The pair married in a small, private ceremony at his L.A. house. They’re still together and have had a couple more kids since. Patti still often works with his E Street Band (she’s played guitar and keyboards at various times besides singing) and has put out three solo records. They’ve been well-received, but commercial failures. Her debut, Rumble Doll in 1993, won kudos from critics like allmusic which said it proved “Patti Scialfa is more than just a beautiful redhead with good connections,” calling the record “low-key” but adding “there’s not a bad song in the bunch.” Despite that, and being co-produced by The Boss and Mike Campbell of Tom Petty’s Heartbreakers (who brought in Belmont Trench of that band and John Mellencamp’s drummer Kenny Aronoff to work on it) it failed to catch on at all. Perhaps someone compared her to the ‘next Aretha!”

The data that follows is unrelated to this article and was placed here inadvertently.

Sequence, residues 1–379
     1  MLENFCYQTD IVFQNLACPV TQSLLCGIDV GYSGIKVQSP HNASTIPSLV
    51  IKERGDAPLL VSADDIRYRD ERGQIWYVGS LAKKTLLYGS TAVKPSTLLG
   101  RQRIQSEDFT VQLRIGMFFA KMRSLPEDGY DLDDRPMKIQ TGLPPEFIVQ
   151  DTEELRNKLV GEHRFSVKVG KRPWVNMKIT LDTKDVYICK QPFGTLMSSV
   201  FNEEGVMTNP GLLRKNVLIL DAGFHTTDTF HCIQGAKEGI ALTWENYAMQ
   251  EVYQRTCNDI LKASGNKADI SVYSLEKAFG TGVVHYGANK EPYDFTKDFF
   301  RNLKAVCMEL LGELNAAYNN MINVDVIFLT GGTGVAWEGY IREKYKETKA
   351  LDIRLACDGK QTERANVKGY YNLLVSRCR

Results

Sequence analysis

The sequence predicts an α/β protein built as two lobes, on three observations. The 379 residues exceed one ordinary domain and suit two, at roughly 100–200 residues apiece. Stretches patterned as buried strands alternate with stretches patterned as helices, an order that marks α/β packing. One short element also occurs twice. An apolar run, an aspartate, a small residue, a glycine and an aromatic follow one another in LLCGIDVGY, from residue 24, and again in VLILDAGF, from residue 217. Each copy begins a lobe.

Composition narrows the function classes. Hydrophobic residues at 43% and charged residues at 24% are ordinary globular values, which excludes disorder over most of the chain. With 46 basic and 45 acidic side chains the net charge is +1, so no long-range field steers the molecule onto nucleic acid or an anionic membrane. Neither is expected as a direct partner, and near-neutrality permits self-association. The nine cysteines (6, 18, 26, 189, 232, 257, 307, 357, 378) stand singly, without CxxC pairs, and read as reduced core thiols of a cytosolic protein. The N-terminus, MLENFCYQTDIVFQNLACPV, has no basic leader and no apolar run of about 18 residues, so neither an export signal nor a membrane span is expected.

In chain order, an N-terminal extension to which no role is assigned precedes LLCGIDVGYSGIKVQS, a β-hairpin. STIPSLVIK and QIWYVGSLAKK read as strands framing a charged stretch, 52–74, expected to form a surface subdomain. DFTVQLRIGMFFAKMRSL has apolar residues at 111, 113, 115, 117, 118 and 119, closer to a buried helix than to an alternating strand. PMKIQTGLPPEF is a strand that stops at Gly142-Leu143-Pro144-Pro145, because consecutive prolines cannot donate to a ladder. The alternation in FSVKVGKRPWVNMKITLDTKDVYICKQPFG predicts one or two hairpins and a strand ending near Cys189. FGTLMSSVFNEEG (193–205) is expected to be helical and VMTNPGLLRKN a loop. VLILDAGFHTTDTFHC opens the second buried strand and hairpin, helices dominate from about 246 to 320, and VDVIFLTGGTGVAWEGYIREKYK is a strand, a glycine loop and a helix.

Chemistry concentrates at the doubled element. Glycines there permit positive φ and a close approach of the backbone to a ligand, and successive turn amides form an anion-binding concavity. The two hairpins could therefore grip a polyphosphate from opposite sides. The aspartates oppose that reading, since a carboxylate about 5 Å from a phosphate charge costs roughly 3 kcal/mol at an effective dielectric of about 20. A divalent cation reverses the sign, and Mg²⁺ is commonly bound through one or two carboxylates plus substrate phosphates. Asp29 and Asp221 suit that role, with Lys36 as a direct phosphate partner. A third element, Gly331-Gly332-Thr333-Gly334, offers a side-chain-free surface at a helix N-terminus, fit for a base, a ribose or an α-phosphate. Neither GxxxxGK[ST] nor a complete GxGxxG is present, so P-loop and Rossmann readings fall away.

June 2 – Bruce Was Running To The Musical Heartland

Whether it was “miserablist” (a term we’d only heard before in describing Morrissey’s music) or “perfecting the heartland rock genre,” – different critics have used both for it – by 1978 Bruce Springsteen was a big enough deal for an album of his to draw instant attention. And that’s what Darkness on the Edge of Town did when it came out 44 years ago today.